The seismic potential of creeping faults such as the Hayward fault (San Francisco Bay Area, CA) depends on the rate at which moment (slip deficit) accumulates on the fault plane. Thus, it is important to evaluate how the creep rate observed at the surface is related to the slip on the fault plane. The surface creep rate (SCR) depends on the geometry of locked and free portions of the fault and on the interaction between the fault zone and the surrounding lithosphere. Using a viscoelastic finite element model, we investigate how fault zone geometries and physical characteristics such as frictionless or locked patches affect the observed surface creep when the system is driven by far field plate motions. These results have been applied to creep observations of the Hayward fault. This analysis differs from most previous fault creeping models in that the fault in our model is loaded by a distributed viscous flow induced by far field velocity boundary conditions instead of imposed slip beneath the major faults of the region. The far field velocity boundary conditions simulate the relative motion of the stable Pacific plate respect to the Rigid Sierra Nevada block, leaving the rheology, fault geometry, and mechanics (locked or free to creep patches), to determinate the patterns of fault creep. Our model results show that the fault geometry (e.g. length and depth of creeping) and the local rheology influence the surface creep rate (SCR) and the slip on the fault plane. In particular, we show that the viscoelastic layer beneath the elastic seismogenic zone plays a fundamental role in loading the fault. Additionally, the coupling with the surrounding lithosphere results in a smooth transition from regions free to creep to locked patches.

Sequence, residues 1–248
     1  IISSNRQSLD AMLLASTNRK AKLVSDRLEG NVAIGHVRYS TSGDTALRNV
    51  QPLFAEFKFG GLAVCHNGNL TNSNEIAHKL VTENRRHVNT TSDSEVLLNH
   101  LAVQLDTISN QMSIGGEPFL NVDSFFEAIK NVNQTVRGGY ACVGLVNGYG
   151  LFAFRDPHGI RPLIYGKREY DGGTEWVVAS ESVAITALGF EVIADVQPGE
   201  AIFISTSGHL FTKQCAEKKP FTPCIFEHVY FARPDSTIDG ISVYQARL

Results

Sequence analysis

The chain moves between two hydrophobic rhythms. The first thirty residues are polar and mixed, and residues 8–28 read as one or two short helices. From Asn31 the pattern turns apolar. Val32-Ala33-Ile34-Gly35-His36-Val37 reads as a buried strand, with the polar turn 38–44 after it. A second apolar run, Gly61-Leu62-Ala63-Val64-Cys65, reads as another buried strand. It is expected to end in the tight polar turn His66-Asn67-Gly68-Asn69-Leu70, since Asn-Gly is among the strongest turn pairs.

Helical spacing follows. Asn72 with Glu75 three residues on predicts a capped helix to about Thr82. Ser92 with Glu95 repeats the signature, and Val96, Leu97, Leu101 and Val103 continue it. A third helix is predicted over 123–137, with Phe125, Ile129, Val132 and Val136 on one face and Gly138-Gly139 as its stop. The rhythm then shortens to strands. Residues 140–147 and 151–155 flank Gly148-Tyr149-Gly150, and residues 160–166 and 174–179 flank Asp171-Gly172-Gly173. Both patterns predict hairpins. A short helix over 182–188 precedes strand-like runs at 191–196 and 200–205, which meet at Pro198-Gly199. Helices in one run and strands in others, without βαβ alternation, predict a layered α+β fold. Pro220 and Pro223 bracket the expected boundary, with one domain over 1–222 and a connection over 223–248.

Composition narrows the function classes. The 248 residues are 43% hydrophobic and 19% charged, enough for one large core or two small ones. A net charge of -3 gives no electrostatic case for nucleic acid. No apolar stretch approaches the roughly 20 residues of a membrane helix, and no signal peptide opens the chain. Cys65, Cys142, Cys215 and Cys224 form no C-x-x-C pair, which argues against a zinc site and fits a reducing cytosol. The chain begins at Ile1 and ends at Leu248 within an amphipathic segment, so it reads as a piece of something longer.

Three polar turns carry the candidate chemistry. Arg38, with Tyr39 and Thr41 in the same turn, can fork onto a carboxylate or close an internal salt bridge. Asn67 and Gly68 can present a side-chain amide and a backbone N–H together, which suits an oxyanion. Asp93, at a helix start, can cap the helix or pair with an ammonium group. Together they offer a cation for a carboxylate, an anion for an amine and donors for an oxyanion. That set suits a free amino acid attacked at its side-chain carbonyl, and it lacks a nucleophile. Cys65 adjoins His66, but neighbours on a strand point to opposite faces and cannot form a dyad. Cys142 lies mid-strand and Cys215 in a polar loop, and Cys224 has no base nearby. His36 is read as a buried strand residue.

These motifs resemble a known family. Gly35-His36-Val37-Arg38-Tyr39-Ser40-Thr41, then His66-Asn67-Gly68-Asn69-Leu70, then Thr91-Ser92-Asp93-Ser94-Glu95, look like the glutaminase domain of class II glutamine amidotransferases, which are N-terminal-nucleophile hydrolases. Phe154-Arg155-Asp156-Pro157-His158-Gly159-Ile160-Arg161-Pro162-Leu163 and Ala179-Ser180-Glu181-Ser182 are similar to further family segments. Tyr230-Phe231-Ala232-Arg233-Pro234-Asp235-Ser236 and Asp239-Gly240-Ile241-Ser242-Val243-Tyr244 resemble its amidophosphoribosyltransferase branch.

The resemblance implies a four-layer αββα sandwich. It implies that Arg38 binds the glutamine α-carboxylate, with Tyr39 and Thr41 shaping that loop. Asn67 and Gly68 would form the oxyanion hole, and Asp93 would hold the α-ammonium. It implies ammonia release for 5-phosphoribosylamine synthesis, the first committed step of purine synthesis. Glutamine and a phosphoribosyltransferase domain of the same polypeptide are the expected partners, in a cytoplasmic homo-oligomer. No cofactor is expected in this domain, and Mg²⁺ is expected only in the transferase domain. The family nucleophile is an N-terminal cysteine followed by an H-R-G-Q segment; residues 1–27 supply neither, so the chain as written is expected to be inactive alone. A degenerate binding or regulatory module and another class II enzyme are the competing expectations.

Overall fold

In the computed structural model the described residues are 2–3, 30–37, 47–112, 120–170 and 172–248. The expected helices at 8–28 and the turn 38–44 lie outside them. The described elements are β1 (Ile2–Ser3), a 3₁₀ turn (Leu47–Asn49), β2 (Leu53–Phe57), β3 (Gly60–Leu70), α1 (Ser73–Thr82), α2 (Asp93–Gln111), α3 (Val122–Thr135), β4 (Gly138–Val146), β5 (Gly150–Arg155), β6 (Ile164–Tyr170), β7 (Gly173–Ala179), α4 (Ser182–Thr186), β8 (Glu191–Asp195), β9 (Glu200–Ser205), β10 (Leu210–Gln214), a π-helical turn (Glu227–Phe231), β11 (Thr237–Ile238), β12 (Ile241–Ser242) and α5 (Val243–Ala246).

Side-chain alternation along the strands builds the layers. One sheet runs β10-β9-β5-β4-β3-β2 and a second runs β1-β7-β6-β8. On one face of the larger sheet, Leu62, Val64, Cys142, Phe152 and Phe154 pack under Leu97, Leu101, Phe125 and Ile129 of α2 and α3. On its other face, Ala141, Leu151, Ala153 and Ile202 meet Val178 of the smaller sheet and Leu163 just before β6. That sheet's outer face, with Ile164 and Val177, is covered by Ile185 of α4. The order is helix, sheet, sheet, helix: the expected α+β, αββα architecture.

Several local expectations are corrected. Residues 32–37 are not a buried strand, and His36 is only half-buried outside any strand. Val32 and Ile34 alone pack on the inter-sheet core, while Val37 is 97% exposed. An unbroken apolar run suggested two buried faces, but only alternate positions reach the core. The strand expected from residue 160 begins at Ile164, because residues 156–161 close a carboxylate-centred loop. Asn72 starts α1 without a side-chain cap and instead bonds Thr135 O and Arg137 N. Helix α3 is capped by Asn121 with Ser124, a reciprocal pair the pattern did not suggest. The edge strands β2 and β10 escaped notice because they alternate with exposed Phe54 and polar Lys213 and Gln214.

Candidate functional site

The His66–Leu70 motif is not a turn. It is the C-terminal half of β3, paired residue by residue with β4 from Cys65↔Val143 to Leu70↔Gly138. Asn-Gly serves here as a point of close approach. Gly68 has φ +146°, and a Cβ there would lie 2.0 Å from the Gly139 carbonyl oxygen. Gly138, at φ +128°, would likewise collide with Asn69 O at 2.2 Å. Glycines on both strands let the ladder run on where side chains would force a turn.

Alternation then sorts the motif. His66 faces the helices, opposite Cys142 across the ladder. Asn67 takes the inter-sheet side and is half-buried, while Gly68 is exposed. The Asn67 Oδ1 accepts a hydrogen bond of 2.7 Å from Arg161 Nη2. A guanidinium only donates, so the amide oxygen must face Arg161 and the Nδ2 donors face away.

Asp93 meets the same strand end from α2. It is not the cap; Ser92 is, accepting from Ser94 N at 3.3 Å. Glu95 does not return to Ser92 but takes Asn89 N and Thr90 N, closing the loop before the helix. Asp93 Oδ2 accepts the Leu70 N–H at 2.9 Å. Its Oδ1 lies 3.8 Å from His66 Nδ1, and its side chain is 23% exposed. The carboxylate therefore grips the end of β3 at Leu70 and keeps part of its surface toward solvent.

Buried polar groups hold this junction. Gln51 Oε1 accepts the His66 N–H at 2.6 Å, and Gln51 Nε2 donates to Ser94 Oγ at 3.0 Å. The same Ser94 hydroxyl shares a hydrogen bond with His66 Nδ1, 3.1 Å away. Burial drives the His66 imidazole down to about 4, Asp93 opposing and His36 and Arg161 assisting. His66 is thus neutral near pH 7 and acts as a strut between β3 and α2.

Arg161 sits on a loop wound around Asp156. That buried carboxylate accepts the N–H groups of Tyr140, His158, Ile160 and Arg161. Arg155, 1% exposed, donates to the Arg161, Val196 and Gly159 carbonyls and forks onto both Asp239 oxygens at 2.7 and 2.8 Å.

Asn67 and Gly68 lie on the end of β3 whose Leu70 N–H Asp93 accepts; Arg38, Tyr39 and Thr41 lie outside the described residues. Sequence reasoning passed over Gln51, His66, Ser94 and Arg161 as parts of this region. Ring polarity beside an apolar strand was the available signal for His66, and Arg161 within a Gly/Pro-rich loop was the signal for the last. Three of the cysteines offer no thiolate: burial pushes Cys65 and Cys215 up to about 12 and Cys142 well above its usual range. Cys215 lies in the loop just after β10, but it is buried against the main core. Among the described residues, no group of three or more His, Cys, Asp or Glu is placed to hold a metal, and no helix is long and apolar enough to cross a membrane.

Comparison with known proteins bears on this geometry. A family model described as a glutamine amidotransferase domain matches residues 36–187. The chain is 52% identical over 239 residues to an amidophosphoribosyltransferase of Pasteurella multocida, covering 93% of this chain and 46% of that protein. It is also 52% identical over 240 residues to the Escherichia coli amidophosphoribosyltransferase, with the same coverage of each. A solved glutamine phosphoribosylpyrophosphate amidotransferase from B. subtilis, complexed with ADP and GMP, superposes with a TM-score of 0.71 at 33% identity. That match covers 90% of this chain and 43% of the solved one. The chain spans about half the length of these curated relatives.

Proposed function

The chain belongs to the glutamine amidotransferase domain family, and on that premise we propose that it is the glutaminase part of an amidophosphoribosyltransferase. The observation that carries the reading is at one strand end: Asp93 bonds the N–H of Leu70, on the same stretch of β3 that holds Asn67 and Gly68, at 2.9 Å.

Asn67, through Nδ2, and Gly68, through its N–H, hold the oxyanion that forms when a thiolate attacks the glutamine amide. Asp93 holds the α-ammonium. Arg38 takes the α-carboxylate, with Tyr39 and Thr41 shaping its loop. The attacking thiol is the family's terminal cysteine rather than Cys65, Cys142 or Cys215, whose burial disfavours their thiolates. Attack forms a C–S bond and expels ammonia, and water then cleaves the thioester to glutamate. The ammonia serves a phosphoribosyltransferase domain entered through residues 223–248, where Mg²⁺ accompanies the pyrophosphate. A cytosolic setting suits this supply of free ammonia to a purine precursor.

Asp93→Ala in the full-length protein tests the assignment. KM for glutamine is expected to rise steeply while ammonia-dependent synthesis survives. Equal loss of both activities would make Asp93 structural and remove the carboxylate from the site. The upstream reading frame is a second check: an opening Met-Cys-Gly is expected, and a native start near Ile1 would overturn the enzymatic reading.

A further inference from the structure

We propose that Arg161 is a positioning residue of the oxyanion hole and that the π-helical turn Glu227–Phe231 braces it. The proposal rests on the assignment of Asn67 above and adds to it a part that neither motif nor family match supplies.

All Science Journal Classification (ASJC) codes
- Earth-Surface Processes